More financial advisors are discovering that for African-Americans the church can play a key role in fostering trust when it comes to investment decisions.
MetLife senior financial planner Jeffrey Benjamin says he works with several congregations in his New York City market to gain the trust of a few key leaders. “Typically, if some of the parishioners like our services, they will help me extend them to the rest of the congregation,” he says.
The MetLife Clergy Compensation plan is the usual door opener for this market, Benjamin says. That can lead to seminars in the church, along with other educational devices that will give advisors like Benjamin credibility he otherwise might not have.
Getting your foot in the door is really an opportunity to educate, says Benjamin, as well as other life sector producers familiar with the African-American market.
“The major difference I see between African-Americans and other consumers is the education gap when it comes to financial issues,” Benjamin says.
African-Americans in the past have never had much of a financial legacy to leave to descendents, but “now it is becoming a norm to use life insurance as that vehicle,” he says.
The Chicago-based Rainbow/PUSH Coalition, an anti-poverty group founded by Rev. Jesse Jackson, has sought to formalize that link with the “1000 Churches Connected” program that seeks to educate African-Americans that economic independence is the fourth and final freedom to win after slavery, segregation and voting prohibitions have been defeated.
In essence, it conducts the kind of seminars that Benjamin and other planners sponsor to try and inculcate the values of financial responsibility from people they can relate to. “I think people generally feel more comfortable to work with people in their culture,” Benjamin says.
Guardian Life producer David Eaton takes pride in the fact that for the most part he serves an exclusive clientele whose net worth totals in the millions. “Those who are in the upper affluent segment buy like affluent people. It does not matter what color they are or what their family background is,” he says.
While Eaton appears African-American, he is of mixed-race ancestry with an upper middle class background. “I knew, maybe, one black person until I was 18 years old,” he says.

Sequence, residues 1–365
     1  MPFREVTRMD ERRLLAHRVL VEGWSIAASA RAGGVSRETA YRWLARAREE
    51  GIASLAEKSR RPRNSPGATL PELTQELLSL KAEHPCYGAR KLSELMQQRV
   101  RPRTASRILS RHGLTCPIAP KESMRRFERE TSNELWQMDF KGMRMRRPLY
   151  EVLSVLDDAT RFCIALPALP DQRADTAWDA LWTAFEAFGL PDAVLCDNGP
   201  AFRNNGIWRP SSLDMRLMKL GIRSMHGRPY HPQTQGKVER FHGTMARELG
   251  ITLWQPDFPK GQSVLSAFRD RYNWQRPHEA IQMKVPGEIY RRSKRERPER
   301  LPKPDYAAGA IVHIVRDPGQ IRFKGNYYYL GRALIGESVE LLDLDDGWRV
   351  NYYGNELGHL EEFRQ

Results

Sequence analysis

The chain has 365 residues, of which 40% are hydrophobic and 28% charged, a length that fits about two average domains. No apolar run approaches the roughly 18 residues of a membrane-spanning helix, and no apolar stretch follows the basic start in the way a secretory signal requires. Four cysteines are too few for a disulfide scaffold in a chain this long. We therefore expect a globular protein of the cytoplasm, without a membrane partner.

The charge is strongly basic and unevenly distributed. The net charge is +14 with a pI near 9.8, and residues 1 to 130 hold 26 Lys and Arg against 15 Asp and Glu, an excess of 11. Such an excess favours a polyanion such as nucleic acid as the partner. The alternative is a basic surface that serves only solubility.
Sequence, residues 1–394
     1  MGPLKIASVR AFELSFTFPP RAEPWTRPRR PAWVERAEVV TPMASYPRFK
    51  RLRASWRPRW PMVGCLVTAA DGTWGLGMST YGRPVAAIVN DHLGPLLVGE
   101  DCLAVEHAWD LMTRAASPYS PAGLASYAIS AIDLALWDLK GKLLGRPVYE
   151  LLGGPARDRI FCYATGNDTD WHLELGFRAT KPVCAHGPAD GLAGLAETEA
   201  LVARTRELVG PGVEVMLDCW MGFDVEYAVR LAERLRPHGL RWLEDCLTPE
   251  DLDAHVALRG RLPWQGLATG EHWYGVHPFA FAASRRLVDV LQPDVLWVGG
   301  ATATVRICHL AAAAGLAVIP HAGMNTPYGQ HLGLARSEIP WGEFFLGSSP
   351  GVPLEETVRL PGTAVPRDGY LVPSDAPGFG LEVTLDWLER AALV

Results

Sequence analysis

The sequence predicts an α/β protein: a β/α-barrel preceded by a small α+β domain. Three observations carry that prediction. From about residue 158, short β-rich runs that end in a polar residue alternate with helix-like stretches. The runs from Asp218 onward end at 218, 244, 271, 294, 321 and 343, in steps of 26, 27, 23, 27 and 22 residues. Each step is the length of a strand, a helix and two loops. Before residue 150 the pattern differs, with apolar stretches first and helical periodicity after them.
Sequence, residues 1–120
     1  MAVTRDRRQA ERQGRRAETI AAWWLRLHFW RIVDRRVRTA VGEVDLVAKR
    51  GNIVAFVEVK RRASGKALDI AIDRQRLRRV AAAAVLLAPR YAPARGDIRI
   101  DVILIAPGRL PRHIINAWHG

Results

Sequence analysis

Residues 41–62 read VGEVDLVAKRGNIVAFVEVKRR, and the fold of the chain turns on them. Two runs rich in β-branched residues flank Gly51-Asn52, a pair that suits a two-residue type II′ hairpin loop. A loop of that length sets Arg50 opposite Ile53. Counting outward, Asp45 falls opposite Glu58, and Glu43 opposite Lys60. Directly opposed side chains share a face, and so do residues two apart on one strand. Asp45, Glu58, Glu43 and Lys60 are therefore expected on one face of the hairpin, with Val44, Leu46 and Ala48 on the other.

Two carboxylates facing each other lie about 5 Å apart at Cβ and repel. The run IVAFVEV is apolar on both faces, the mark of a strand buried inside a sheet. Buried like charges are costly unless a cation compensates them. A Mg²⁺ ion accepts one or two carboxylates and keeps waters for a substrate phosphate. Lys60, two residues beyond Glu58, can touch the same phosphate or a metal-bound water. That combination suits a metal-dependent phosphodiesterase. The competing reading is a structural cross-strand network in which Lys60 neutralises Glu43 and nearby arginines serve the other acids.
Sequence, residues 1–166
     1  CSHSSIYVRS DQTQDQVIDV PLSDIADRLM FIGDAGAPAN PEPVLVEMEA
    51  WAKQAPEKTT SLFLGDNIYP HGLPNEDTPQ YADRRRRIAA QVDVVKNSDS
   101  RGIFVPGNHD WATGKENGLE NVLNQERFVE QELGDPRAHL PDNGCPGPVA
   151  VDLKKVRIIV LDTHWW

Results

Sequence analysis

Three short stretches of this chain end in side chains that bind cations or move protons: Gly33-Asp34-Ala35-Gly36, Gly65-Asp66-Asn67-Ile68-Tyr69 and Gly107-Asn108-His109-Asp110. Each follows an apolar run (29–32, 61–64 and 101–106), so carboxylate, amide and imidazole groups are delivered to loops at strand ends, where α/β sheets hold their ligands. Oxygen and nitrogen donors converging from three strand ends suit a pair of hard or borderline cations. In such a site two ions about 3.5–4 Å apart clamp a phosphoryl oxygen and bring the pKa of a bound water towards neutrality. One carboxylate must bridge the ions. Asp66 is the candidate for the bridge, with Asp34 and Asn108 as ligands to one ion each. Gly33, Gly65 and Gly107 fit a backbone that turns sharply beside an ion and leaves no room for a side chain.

“The problem now is there are very few minority agents used to dealing with people with money,” he says.
But such opportunities will arise, as he notes a new trend that those African-Americans starting to gain affluence want to deal with other members of their race. “I see this as a huge opportunity,” he says. “In fact, I was talking to this one private equity guy who said ‘you should create the first minority-owned ordinary life insurance company.’”
Ron Allen, a producer for a major multiline company in Chicago, says African-Americans fail to grasp the benefits of life insurance to the same extent that their white counterparts do.
He estimates that his customer base is 70% African-American.
“Many African-Americans have been able to raise themselves up financially, and they are very successful as they develop their own businesses,” he says. “But they have not taken the steps to protect those businesses.”
Earlier this year, LIMRA published a report on Selling to African-Americans that also stressed the unique role the church can play in marketing to this community. “When we sent out a survey asking in what venue they would be most likely to attend a financial services seminar, besides the local community center, they said the churches, which came up much more than other groups,” says study author Nilufer Ahmed, senior scientist for the Windsor, Conn.-based organization.
In addition, some companies are training clergy as licensed producers to capitalize on this tie.
One advantage for companies is that African-Americans have a life insurance tradition in the purchase of small face policies through the home service network. “But as their incomes go up, it is pretty obvious that they don’t have enough life insurance. So, it behooves the companies, if they want to increase their business, to go back to the people they sold to,” she says.
Some companies are training clergy as licensed producers to capitalize on this tie